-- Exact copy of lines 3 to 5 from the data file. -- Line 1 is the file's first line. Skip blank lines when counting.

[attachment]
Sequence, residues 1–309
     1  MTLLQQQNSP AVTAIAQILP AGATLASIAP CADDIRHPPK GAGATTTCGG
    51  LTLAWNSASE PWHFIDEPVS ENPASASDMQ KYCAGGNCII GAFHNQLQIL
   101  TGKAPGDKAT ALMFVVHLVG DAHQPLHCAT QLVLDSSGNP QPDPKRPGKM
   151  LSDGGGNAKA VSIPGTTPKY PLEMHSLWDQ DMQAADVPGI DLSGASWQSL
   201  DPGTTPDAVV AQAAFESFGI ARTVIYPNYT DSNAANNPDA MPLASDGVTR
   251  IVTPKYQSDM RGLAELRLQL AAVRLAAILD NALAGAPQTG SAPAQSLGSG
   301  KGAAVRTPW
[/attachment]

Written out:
    51  LTLAWNSASE PWHFIDEPVS ENPASASDMQ KYCAGGNCII GAFHNQLQIL
   101  TGKAPGDKAT ALMFVVHLVG DAHQPLHCAT QLVLDSSGNP QPDPKRPGKM
   151  LSDGGGNAKA VSIPGTTPKY PLEMHSLWDQ DMQAADVPGI DLSGASWQSL